Graceful Exit

Dlr:
North
Vul:
N-S
North
♠ Q 8 3 2
4 3 2
J 7 6
♣ A K 2
South
♠ A 10 9 7 6 4
A Q 5
Q
♣ Q 8 3
West North East South
Pass 3 3♠
Pass 4♠ Pass Pass
Dbl All Pass

Patrick Huang of Taiwan is one of the strongest players in the Far East, if not the world. Huang found a clever line of play on this deal to bring home his doubled contract:

Huang, South, received the opening lead of the J, an obvious singleton. After winning the Q, he cashed the ♠A and confirmed the expected 3-0 trump break.

It does no good at this point to play another trump toward dummy’s queen since West will win the trump king and underlead his A to East’s king to get a heart ruff, destroying declarer’s A in the process. The underlead will be a rather easy play to make at that point since East will have had two chances to signal for diamonds.

Huang found the winning line easily, however. He carefully played three rounds of clubs ending in his hand and then played a low spade. Why does playing clubs first matter? Consider what happens. West hops up with the ♠K and crosses to partner’s K. East returns the 10, covered by declarer’s ace, and West ruffs. But now what? This is the position:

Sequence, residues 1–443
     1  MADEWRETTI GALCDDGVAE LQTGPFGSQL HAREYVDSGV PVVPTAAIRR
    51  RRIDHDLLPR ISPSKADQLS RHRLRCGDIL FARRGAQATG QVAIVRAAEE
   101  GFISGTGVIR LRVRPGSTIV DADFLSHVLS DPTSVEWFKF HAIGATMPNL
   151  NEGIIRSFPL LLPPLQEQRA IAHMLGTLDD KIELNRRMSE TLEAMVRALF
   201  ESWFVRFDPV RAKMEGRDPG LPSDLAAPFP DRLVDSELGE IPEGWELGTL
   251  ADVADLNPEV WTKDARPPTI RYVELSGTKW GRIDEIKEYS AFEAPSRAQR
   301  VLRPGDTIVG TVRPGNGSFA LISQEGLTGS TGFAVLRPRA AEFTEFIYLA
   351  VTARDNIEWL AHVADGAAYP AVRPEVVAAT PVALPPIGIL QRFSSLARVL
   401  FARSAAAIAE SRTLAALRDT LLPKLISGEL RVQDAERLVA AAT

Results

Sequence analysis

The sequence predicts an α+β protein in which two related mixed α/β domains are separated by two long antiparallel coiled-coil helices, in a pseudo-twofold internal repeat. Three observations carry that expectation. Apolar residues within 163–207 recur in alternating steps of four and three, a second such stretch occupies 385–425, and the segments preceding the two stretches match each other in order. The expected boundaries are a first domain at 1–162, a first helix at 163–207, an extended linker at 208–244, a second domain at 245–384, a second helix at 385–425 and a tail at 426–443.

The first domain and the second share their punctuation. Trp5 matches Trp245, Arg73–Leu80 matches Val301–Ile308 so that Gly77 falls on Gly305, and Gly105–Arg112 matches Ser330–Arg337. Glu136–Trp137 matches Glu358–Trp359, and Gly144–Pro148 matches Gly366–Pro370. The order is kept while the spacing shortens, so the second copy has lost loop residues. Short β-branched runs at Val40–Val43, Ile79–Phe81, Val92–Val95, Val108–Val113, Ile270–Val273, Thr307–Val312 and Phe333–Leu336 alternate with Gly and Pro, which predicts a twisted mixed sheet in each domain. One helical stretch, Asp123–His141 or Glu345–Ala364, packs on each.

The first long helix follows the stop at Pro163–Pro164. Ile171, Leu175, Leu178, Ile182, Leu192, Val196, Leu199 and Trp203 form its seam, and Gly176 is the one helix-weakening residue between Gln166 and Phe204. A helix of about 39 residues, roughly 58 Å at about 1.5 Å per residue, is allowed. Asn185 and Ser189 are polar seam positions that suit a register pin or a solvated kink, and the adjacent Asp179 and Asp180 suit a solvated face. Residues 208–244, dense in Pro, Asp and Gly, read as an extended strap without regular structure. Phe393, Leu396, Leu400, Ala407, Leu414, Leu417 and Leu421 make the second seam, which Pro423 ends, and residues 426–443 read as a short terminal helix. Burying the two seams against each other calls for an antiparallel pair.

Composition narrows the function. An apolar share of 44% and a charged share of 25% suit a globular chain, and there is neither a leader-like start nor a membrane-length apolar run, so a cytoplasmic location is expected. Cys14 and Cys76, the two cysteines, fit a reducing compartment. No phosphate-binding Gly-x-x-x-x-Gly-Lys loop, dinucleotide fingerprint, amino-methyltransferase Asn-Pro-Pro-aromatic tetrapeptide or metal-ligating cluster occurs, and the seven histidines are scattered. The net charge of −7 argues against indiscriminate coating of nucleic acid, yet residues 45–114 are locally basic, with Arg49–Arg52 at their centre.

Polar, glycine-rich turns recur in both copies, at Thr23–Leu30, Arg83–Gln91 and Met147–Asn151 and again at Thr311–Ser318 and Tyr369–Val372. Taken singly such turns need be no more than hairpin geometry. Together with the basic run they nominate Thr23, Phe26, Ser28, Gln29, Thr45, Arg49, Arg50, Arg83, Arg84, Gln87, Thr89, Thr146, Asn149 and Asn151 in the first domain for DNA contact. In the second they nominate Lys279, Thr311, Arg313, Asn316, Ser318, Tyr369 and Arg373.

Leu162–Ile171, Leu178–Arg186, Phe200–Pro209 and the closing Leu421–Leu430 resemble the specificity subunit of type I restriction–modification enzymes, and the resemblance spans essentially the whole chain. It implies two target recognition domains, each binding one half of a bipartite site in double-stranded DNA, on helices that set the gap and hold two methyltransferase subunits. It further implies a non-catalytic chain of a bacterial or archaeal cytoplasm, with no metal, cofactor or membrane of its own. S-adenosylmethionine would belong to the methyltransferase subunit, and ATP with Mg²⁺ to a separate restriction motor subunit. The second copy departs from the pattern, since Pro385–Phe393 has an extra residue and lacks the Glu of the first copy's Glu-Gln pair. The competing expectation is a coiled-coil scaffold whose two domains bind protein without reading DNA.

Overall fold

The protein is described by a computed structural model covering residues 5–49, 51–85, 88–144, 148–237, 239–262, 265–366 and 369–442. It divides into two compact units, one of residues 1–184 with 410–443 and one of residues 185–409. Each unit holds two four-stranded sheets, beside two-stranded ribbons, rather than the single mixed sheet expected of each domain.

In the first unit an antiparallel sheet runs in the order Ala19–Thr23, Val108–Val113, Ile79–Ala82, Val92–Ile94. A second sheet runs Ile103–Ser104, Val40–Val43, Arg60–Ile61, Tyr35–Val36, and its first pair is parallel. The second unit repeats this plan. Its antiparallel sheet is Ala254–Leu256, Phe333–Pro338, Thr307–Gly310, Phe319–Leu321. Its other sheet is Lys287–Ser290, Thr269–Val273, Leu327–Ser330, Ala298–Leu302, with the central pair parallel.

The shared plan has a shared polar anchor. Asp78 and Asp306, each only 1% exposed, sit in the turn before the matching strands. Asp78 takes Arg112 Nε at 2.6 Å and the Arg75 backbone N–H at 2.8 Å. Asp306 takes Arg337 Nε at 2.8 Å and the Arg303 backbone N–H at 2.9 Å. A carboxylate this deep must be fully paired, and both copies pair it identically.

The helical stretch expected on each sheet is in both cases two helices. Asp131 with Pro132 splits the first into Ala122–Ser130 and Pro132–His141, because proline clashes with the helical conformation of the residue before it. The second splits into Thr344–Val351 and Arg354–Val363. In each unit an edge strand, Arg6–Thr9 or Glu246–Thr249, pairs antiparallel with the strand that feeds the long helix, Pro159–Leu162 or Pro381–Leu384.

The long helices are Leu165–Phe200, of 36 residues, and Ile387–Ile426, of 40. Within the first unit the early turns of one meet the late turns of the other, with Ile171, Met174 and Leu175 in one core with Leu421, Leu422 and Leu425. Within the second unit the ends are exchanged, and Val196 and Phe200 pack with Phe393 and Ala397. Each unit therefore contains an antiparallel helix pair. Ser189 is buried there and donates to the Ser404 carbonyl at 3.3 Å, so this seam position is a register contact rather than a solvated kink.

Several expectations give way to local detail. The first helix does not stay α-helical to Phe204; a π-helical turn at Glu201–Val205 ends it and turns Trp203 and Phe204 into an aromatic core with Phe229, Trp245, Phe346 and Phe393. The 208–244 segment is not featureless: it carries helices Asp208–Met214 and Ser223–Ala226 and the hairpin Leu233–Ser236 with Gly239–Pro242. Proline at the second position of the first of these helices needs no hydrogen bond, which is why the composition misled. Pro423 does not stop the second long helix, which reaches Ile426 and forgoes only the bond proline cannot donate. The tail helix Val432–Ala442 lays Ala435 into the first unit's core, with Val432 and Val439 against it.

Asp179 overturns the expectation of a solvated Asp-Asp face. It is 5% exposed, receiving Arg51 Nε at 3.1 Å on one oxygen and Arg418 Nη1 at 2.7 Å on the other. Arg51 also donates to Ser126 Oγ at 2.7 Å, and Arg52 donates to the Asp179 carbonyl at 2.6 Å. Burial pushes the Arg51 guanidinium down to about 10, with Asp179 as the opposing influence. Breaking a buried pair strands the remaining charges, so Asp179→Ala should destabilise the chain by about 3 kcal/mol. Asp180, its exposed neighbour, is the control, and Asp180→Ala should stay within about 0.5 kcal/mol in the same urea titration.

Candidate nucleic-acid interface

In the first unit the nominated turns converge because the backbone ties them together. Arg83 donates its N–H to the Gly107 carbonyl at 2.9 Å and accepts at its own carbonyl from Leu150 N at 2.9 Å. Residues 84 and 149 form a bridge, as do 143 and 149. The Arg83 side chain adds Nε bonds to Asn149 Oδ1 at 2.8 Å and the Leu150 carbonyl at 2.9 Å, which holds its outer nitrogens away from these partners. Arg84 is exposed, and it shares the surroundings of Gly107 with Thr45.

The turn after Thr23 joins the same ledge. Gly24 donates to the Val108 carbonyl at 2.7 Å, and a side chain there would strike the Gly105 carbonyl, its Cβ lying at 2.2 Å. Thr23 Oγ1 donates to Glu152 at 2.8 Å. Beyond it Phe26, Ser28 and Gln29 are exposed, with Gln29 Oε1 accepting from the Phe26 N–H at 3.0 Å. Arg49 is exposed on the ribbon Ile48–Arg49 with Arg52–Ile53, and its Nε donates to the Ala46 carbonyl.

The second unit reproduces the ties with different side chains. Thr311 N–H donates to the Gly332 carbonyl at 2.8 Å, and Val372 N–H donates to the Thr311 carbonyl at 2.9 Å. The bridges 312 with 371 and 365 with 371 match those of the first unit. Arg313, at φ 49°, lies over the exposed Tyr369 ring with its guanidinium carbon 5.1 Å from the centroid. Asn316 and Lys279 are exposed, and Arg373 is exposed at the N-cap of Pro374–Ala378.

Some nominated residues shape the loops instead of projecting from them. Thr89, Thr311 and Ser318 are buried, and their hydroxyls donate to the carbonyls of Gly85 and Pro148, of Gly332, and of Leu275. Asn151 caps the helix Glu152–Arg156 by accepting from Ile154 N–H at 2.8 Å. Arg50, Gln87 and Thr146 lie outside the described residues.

Dlr:
Vul:
North
♠ Q 8
4
J 7
♣ —
West
♠ —
A 10 5
♣ J 10
East
♠ —
9 8 7
9 8
♣ —
South
♠ 10 9 7 6
5
♣ —

West must exit with a minor suit. A club allows a ruff and a sluff, permitting declarer to avoid a heart loser, while a diamond exit is no good either. Why? From the auction, Huang knows that West has the A so he can’t be fooled if West tries to get out with the 10; he will rise with the J and dump a heart from his hand. If West tries the A instead, Huang will ruff in his hand, cross to dummy with a trump and again discard a heart on the J. Making four doubled.

The full deal:

Dlr:
Vul:
North
♠ Q 8 3 2
4 3 2
J 7 6
♣ A K 2
West
♠ K J 5
J
A 10 5 4
♣ J 10 9 7 5
East
♠ —
K 10 9 8 7 6
K 9 8 3 2
♣ 6 4
South
♠ A 10 9 7 6 4
A Q 5
Q
♣ Q 8 3